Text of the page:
We have recently been doing a series of posts about Sentinel and Landsat imagery on Amazon Web Services (AWS), including releasing a KML file that automatically retrieves thumbnails of Landsat 8 imagery from AWS and creates animations with them.
We mentioned at the time that the Landsat images are not all perfectly aligned with each other and we had adjusted each image slightly to try and create smoother animations. To do this we used a simplified model that assumed that the imagery squares were all aligned with latitude and longitude, with up being North. It turns out that our assumptions were not valid and there was still significant ‘shake’ visible in ground features in many animations, especially those of Antarctica.
After some investigation we discovered that not only do the Landsat tiles tilt to the right as per the satellite’s orbit, but the images are placed into the thumbnails at an angle, results in further rotations overall.
The imagery on AWS is provided with a file whose name ends with MTL that contains a variety of metadata for the image. This includes the coordinates of the corners of the thumbnails (this is the whole thumbnail including the black areas). If we have two thumbnails offset from each other as shown as the red and green squares in the image below left, then in our animation we need to adjust the top of one of the images by the amount shown as the ‘top offset’. Thinking of it as purely Cartesian coordinates, to work it out in latitude and longitude it involves a series of rotations and translations, which gets rather complicated. However, we realised that instead, we could stick to proper geographic calculations, for which we already have the key routines that we worked out when working on our post on drawing circles in Google Earth. It mostly relies on an open source package called GeographicLib by Charles Karney, with a few additions also by him but not included in the main library.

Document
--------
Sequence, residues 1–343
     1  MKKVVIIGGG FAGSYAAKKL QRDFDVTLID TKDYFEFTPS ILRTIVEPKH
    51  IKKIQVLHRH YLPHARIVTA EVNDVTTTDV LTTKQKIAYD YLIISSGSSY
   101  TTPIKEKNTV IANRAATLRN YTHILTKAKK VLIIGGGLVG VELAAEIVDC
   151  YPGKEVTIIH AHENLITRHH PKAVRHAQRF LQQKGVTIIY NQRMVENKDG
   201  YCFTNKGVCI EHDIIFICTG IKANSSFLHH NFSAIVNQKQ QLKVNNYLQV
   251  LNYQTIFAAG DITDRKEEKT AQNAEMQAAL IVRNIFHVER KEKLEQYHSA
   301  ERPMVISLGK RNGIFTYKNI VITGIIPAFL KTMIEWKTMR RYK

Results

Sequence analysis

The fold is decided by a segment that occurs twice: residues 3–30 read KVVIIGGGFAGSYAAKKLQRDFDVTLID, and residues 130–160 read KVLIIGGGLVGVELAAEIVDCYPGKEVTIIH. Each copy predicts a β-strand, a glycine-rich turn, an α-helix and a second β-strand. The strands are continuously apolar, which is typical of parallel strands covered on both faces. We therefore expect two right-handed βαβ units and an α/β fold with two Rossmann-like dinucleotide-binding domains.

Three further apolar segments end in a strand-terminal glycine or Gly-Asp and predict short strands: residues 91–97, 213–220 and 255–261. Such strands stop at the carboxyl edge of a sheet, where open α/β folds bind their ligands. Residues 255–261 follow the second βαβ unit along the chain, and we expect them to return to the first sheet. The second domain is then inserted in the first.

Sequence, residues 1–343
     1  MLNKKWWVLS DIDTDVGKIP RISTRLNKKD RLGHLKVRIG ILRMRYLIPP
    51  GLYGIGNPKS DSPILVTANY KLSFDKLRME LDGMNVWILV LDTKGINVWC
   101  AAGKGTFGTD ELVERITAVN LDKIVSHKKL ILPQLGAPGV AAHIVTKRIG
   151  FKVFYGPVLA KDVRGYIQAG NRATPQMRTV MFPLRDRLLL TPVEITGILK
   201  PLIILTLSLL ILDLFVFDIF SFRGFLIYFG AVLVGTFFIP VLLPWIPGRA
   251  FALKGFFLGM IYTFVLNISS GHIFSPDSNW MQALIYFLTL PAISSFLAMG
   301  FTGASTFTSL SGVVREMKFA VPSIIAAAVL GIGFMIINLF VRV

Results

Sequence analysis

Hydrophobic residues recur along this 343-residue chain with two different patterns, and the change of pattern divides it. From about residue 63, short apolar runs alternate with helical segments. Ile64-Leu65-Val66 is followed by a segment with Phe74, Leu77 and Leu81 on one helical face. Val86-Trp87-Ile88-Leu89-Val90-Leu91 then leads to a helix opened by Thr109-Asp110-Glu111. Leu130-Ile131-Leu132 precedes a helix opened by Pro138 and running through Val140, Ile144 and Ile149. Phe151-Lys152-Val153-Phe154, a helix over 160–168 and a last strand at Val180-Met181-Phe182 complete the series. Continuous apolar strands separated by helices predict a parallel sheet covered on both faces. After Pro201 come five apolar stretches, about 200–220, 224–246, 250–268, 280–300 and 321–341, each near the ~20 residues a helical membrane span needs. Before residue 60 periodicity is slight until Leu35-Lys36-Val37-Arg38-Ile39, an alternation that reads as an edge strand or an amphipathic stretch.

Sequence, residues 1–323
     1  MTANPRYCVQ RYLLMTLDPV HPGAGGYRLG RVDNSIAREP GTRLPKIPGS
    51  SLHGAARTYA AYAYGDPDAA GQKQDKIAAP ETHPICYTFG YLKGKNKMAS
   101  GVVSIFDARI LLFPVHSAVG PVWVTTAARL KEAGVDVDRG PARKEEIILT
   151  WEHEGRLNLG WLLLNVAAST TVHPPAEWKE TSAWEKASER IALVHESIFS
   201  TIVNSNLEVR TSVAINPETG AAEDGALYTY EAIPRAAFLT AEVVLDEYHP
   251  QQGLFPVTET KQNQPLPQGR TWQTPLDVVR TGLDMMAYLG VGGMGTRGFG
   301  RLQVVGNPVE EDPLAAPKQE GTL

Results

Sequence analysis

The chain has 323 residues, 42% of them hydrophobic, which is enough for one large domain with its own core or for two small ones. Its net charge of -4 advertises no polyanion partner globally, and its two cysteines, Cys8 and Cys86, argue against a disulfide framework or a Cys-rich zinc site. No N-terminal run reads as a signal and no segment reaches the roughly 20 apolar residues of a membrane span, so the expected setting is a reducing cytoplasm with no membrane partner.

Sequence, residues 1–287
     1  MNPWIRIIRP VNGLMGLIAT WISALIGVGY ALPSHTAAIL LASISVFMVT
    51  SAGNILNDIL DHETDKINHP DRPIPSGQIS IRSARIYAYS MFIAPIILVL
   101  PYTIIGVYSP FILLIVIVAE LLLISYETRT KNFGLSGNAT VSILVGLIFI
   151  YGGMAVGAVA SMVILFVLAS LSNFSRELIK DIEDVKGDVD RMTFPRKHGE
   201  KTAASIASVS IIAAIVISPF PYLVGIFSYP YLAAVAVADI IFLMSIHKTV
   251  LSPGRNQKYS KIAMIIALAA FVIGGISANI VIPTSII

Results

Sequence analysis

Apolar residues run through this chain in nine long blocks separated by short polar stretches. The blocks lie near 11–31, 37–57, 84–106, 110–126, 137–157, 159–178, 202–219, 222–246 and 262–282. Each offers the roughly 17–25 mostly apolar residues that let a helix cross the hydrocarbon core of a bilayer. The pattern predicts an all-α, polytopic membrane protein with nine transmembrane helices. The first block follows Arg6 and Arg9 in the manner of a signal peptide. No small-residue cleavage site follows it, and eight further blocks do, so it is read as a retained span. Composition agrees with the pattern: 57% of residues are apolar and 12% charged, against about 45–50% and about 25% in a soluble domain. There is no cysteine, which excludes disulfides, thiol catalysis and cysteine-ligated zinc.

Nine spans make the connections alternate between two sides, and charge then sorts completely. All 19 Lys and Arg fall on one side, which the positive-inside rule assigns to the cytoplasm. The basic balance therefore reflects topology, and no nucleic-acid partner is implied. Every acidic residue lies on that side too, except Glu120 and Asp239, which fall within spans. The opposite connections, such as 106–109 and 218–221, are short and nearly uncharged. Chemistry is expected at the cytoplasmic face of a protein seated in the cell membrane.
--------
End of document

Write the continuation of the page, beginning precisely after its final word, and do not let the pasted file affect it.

Above right we see the mid-point (red circle) of the top of the red square, the mid-point (green circle) of the top of the green square, and what is known as the ‘cross track intercept’ for the green point to the thin red line. The cross track intercept is the closest point on a great circle to a location not on the circle. The distance we were looking for is from the red circle to the cross track intercept. Although this all sounds complicated, it is actually only a few lines of code, because all the hard work is done by GeographicLib. We simply repeated this for all for sides and for every frame in the animation and it worked! The animations are now much more stable even over Antarctica.
Our conclusion overall, is that although geographic coordinates can be very complicated, sometimes it is actually easier to work with them than trying to simplify things, as the heavy lifting can be done by ready-made libraries of code.
Because the thumbnails are actually higher resolution than what you can see in the popup, we have also added the ability to zoom and pan the animation. Just use the mouse scroll wheel to zoom in and out and drag the image with the mouse to pan. I am afraid we don’t have a Mac to test on, so we are not sure if this works on Mac. Let us know in the comments if it doesn’t and we will try adding keyboard controls. Remember, these are only thumbnails so don’t expect great resolution when zoomed in.